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Sept. 4 — Many sponsors of 401(k) plans face regulatory uncertainty when selecting a default investment option to automatically enroll participants into, according to a Government Accountability Office report.
“Plan sponsors cited regulatory uncertainty, liability protection, and the adoption of innovative products as significant challenges when adopting one of the three default investments,” the GAO said in the report, released Sept. 4.
The Department of Labor issued final rules in 2007 providing plan sponsors with a safe harbor for investing contributions into qualified default investment arrangements when employees made no elections, but the GAO found that many plan sponsors think the regulations are unclear in several areas, the report said.
Specifically, the sponsors said the rules were unclear about how to fulfill the requirement to factor participant ages into their default investment; how to determine whether each default investment provided the same level of protection; and whether they could incorporate other features into investments, such as annuities, the GAO said.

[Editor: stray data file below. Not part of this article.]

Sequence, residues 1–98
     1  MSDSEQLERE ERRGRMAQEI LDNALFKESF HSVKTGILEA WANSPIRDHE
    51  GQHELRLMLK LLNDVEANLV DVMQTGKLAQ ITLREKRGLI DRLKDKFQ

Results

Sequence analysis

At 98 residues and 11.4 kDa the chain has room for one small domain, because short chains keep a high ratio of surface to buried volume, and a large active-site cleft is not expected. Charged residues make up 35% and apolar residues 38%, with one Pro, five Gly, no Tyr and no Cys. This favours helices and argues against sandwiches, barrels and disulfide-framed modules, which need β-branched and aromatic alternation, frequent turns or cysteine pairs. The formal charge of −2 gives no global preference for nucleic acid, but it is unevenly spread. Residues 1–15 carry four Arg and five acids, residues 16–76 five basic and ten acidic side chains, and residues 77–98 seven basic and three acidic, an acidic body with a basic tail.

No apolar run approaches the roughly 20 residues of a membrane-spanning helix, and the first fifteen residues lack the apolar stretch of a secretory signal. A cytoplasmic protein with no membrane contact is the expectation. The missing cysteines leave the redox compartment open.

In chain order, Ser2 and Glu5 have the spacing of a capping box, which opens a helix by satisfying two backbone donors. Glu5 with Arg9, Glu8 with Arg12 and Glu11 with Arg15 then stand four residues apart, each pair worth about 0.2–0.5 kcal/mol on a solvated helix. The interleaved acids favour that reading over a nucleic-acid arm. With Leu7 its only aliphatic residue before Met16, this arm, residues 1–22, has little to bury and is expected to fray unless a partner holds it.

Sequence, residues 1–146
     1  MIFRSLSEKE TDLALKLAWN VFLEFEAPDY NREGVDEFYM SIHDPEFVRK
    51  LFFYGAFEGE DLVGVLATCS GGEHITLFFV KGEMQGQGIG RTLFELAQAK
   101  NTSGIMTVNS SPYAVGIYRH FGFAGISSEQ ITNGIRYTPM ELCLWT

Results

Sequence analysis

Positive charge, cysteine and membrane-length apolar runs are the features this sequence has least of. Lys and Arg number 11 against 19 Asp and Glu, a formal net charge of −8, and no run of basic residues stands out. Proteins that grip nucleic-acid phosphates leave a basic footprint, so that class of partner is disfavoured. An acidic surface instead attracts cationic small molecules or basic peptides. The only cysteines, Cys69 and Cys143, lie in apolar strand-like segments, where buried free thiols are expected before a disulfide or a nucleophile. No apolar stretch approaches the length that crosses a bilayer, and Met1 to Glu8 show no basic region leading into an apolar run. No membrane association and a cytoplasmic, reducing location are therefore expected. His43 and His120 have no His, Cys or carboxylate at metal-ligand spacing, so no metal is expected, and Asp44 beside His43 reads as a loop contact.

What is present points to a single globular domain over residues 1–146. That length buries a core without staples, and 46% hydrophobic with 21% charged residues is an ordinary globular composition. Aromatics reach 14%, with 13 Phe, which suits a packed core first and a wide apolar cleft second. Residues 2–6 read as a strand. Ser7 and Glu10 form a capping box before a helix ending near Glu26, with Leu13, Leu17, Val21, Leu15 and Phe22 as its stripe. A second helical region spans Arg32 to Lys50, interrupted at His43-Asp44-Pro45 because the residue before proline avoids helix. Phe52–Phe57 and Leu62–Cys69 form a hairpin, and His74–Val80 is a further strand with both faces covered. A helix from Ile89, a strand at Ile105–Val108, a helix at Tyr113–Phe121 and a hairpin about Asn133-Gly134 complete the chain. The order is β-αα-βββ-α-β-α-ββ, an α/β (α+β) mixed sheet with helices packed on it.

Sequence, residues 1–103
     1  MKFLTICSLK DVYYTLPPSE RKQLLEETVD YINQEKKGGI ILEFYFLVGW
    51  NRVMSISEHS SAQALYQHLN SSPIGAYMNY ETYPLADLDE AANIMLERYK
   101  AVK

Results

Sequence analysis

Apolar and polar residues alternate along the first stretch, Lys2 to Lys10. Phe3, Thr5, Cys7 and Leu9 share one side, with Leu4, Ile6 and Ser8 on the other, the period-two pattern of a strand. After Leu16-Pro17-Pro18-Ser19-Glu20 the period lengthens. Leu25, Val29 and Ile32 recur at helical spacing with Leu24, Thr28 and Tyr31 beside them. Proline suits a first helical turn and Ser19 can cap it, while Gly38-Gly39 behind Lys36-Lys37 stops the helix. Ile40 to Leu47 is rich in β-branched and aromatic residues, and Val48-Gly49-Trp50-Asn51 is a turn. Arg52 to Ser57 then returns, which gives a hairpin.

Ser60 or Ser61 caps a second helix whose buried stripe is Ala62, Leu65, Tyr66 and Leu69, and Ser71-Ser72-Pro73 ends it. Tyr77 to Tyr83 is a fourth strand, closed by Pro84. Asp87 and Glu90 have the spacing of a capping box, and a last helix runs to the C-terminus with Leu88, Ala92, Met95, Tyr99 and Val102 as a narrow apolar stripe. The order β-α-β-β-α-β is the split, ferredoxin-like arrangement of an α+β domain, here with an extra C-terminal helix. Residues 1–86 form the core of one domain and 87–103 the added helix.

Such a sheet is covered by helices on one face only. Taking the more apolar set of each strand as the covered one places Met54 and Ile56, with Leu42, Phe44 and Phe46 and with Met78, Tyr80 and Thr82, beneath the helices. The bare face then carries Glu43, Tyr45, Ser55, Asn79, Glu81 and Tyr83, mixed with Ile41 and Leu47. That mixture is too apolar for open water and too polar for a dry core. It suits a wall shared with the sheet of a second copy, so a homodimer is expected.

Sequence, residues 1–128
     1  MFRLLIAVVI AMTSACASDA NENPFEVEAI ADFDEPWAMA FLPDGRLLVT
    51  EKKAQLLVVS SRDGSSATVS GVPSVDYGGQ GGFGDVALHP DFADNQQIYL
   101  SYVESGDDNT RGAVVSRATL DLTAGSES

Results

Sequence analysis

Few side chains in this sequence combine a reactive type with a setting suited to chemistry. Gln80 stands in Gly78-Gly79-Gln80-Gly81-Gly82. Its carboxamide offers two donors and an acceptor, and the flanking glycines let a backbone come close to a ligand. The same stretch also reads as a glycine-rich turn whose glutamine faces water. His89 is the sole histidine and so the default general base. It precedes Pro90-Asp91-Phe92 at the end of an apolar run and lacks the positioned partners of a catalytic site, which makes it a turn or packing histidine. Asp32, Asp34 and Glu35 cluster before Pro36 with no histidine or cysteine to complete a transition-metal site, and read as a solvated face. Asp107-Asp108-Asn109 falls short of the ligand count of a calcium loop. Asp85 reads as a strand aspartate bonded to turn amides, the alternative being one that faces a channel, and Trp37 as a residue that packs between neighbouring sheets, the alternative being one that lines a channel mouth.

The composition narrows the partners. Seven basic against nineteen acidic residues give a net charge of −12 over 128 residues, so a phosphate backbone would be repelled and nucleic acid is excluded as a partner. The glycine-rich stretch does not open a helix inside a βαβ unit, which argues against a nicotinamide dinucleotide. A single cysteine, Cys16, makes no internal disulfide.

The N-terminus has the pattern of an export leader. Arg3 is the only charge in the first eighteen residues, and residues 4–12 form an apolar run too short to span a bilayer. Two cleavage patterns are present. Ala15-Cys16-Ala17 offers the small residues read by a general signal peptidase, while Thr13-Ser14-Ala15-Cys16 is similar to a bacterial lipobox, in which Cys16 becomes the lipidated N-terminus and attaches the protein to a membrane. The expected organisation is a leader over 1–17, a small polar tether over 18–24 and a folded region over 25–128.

“Such uncertainty could lead some plan sponsors to make suboptimal choices when selecting a plan’s default investment that could have long-lasting negative effects on participants’ retirement savings,” the report said.
The GAO recommended that the DOL consider the obstacles that plan sponsors cited in the report, including how the challenges can be addressed and whether any “corrective actions” can be implemented. The DOL generally agreed with the recommendation, according to the report.
The report can be found at http://www.gao.gov/assets/680/672140.pdf.
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